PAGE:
The 9/11 museum's $24 admission fee has been met with outrage just days before its May 21 opening by those who say the price is prohibitively expensive.
NBC News reported that the ticket price is a symptom of a much larger money issue
for the long-delayed project.
Along with the memorial plaza opened in 2011 that features a pair of twin waterfalls, the museum cost a total of $700 million. This total, however, doesn't include the estimated $63 million in annual maintenance costs.
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The initial sum was covered through a combination of public and private money, including $15 million donated by former Mayor Michael Bloomberg, but it’s primarily the annual costs that led to the $24 admission fee.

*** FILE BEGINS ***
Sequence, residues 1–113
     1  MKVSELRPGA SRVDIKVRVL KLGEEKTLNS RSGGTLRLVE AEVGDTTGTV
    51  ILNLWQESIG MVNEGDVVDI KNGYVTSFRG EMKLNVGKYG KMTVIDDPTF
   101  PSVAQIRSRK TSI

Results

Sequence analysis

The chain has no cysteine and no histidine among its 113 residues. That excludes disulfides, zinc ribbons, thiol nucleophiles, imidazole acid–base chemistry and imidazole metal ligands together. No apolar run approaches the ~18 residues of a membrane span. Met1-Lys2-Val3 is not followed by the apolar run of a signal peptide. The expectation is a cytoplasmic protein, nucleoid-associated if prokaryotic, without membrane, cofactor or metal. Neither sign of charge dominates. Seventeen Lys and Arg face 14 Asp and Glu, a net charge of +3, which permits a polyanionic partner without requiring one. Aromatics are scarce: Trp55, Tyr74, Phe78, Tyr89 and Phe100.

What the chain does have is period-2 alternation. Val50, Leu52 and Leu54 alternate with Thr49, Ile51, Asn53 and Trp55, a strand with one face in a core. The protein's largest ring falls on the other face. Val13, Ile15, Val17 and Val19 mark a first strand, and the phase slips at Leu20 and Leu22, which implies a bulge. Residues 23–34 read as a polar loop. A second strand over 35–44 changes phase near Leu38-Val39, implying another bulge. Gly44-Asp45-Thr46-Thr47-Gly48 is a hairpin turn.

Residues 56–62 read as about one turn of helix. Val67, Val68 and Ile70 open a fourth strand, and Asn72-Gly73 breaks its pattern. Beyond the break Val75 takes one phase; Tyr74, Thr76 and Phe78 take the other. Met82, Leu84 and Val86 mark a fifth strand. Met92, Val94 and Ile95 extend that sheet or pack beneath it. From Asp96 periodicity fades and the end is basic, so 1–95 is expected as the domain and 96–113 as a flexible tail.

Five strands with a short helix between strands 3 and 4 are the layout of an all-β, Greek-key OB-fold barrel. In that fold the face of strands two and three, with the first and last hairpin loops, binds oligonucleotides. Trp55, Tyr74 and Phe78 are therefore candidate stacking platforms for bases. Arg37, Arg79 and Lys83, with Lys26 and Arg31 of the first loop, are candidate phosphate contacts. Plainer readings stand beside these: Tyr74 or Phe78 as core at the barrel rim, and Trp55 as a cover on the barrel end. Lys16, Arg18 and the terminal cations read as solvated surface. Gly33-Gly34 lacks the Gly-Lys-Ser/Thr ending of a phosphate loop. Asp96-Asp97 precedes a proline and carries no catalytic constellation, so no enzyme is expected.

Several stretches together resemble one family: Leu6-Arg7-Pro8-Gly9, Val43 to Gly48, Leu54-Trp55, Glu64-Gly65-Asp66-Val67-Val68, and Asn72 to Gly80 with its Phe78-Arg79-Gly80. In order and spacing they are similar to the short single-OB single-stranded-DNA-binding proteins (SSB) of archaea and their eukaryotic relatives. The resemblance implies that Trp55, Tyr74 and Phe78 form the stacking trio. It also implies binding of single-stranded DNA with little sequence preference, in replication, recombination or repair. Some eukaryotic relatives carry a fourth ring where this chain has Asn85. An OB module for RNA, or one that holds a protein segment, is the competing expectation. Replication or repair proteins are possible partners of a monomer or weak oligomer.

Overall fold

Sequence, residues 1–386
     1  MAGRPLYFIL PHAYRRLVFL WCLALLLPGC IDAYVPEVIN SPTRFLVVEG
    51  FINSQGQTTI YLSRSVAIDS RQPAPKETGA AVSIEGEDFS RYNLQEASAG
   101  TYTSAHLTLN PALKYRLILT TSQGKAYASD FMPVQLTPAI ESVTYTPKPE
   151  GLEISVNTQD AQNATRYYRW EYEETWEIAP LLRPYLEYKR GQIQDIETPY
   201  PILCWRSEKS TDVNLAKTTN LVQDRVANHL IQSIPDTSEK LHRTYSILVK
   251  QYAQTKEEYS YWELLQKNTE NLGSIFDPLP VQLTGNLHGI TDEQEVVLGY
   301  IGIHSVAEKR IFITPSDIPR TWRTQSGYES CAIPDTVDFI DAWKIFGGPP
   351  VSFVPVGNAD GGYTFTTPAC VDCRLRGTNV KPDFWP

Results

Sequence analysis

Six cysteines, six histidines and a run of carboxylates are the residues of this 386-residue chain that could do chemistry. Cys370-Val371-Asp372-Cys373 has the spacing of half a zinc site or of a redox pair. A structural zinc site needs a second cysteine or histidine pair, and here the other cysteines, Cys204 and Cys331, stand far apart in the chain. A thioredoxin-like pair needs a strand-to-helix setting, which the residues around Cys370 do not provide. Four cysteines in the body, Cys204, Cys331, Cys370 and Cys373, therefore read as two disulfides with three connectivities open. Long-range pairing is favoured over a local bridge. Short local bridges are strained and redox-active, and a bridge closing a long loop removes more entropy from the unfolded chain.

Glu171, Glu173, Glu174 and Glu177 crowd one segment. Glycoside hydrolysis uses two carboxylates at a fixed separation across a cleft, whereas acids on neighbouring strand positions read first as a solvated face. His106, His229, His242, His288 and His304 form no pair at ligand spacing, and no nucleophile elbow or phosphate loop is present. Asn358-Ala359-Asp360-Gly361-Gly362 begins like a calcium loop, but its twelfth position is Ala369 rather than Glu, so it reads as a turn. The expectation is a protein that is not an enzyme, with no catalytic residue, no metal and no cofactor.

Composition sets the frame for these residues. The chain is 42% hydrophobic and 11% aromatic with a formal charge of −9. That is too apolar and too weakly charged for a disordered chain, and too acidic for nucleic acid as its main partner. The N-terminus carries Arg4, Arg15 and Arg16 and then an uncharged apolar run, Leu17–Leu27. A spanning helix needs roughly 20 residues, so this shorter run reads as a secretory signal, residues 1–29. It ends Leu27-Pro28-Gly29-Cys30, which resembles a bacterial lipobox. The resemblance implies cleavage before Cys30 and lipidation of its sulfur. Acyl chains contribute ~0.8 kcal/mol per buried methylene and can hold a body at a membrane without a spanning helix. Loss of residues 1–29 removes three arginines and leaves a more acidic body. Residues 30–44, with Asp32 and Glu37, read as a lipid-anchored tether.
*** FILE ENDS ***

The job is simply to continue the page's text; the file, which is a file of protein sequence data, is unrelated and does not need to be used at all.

Many say that price is too expensive, and indicative of a runaway project.
"They went way overboard," said Jim Riches, a retired New York Fire Department chief whose firefighter son was killed in the World Trade Center. After donating his son's helmet to the museum, he declined attending any part of the opening ceremonies.
"The Washington Monument is free. The Lincoln Memorial is free. The Smithsonian, Vietnam Veterans Memorial, World War II Memorial and Tomb of the Unknown Soldier are all free. The Old Stone House in Park Slope, Brooklyn, where George Washington strategized during the Battle of Brooklyn, is free," wrote Denis Hamill of the New York Daily News
. "But we’re paying $24 to enter the 9/11 museum, which, before anything else, is a national cemetery holding some of the remains of America’s war dead."
Bloomberg, who chairs the memorial foundation, was confronted about the admission fee by reporters at the opening ceremonies attended by President Obama and New Jersey Governor Chris Christie.
Bloomberg agreed that the museum should be free, and encouraged everyone to "write your congressman" to press for more federal funding.
Veterans of Iraq and Afghanistan will receive discounted a admission of $18, and the museum has given free access to the survivors and families of the 9/11 victims.
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